Sunday, 30 January 2011

Book Groups: when it comes to reading novels, I need the smack of firm government

I stayed up till 4.30 in the morning recently in order to finish a novel. I hadn’t done that in years. The book was Stoner by John Williams. It’s the story of a socially awkward (to the point of autism) Dust-Bowler from a crushingly poor rural background who goes to college to study agricultural engineering, but ends up as a lecturer in English.

Along the way he marries a woman who turns out to be an absolute… well, I won’t spoil it. Let’s just say he leads a dull life and has an undistinguished academic career. It sounds awful, I know, but it’s the most rivetting novel I’ve read for five or six years. It is that rare beast – a beautifully-written, sensitive, unsensational masterpiece which, once started, is impossible to put down.No wonder it’s a cult classic.

I also enjoyed another book group choice, Author! Author!, David Lodge’s bulky 2004 novel about various aspect of Henry James’s life – including his doomed attempts to write a successful play, his friendships with Punch cartoonist and Trilby author, George du Maurier, and the American novelist, Constance Fenimore Woolson. (James’s’ later years appear to have consisted of a series of professional failures – his last novels failed to sell more than 2000 apiece! At one stage, accumulated disappointment led to a full-blown nervous collapse.)

As the years advance, I’ve become increasingly useless at choosing novels and then making myself read them. I visit the local Waterstone’s and our library every fortnight or so in search of a good novel, only to find myself arriving home with a stack of non-fiction books. Part of the problem is that I feel the will to live slowly seeping out through the soles of my feet as I read the blurbs and first paragraphs of modern novels: the sort of people they deal with, the milieus they’re set in, the writing style – I just know I’m unlikely to enjoy them. But the truth is I’m going through one of those patches when I simply don’t know why I’m reading novels at all.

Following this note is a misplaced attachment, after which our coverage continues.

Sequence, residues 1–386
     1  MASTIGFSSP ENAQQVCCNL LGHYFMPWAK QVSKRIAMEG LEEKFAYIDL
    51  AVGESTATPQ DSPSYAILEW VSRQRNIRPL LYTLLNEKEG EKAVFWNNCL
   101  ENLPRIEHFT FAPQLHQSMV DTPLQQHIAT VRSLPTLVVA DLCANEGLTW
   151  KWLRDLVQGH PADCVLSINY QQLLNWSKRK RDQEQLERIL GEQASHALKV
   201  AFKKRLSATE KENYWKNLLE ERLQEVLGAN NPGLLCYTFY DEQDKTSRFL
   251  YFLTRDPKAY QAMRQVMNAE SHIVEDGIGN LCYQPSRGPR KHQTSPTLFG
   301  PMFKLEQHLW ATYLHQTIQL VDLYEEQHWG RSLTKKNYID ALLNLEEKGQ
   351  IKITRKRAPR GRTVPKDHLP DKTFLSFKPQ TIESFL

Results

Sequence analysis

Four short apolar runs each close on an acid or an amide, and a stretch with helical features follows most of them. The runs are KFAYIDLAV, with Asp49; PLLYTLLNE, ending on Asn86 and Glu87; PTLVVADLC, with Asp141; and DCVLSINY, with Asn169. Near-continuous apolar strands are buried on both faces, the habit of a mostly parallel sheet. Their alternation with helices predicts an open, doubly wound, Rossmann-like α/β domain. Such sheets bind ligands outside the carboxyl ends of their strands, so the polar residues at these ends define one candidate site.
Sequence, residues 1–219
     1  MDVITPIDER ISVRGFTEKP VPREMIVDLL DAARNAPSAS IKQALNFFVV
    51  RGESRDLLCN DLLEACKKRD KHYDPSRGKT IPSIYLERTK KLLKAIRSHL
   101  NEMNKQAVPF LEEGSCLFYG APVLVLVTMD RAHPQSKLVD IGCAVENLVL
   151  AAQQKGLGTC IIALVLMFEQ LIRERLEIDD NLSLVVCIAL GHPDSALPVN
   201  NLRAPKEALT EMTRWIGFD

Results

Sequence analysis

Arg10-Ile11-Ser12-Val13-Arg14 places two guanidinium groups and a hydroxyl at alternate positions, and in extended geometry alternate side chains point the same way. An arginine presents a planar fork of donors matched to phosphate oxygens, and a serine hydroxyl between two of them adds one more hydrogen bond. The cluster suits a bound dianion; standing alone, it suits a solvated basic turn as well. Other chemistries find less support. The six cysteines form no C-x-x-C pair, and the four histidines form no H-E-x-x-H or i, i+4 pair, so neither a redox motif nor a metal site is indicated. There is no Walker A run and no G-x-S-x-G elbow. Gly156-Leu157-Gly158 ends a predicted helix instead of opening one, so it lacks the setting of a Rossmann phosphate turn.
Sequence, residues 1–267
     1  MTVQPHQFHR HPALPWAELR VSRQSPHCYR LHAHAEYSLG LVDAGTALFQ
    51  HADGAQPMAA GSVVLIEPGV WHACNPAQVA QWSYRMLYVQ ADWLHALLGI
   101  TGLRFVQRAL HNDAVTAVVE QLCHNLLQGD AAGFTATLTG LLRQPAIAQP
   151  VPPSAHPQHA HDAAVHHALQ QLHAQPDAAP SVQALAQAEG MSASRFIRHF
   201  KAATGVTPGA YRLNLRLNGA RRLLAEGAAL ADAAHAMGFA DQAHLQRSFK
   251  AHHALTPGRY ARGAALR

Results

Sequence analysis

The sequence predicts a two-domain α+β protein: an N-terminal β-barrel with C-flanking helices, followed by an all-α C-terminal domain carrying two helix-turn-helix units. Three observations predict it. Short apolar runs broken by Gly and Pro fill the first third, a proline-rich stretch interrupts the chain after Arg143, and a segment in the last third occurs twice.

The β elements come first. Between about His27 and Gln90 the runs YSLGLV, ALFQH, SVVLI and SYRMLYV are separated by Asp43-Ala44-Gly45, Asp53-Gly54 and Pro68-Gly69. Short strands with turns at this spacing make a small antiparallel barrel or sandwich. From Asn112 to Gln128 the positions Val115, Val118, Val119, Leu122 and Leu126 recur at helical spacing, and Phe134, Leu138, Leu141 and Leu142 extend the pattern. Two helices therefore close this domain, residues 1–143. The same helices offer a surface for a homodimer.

I know the automatic response would be: “you read a novel to enjoy it” - but somehow, for me, that’s no longer sufficient. 

I presume that lack of clarity of purpose accounts for my increasing difficulty in finishing novels: I appear to be suffering from a form of LADD (Literary Attention Deficit Disorder). I can smash my way through the first 60 pages of almost anything and be quite enjoying it – but when I pick it up the next night, I find myself utterly uninterested in carrying on (these I put aside and generally pick up again sometime within the next year, when everything sometimes snaps back into place). Is this common – or am I weird (I know my wife never, ever fails to finish a novel, even if she hates it)?

My only conclusion is that I increasingly need my novel-reading to fit into a purposeful programme of some sort. This has worked well in the past: in my mid-Twenties, for instance, tired of reading and writing horror fiction,  I set myself the task of reading all the major works of the authors cited by F.R. Leavis as belonging to The Great Tradition. A decade later, I decided it was time for the Russians – so Dostoievsky, Tolstoy, Turgenev and Gogol were doggedly consumed (with enormous pleasure). Nine years’ ago, when the BBC launched its “Big Read” initiative, I set out to read as many of the ones I’d missed out on as I could stomach (i managed around 20 – some unspeakable Sword & Sorcery tosh finally did for me). Again, I thoroughly enjoyed the experience.

And now, in order to impose some discipline on choosing and finishing books, I’ve joined a book group. Oddly, I don’t much enjoy discussing the novels – I know whether I’ve liked them or not, and why. I’m not relying on other people for blinding insights – in fact, all I tend to feel is bafflement that they haven’t enjoyed or hated a book as much as I did. I’m not expecting anytime soon to find myself leaping up mid-meeting, shouting “Eureka! I had thought this was a pile of tawdry, badly-written crap, but now I realize it’s a masterpiece!” 

No, what I want from the group is (a) a list of books to read, and (b) a deadline for finishing them.

Astonishingly, when I’ve transformed the act of reading fiction into a chore, I begin to enjoy it once more.


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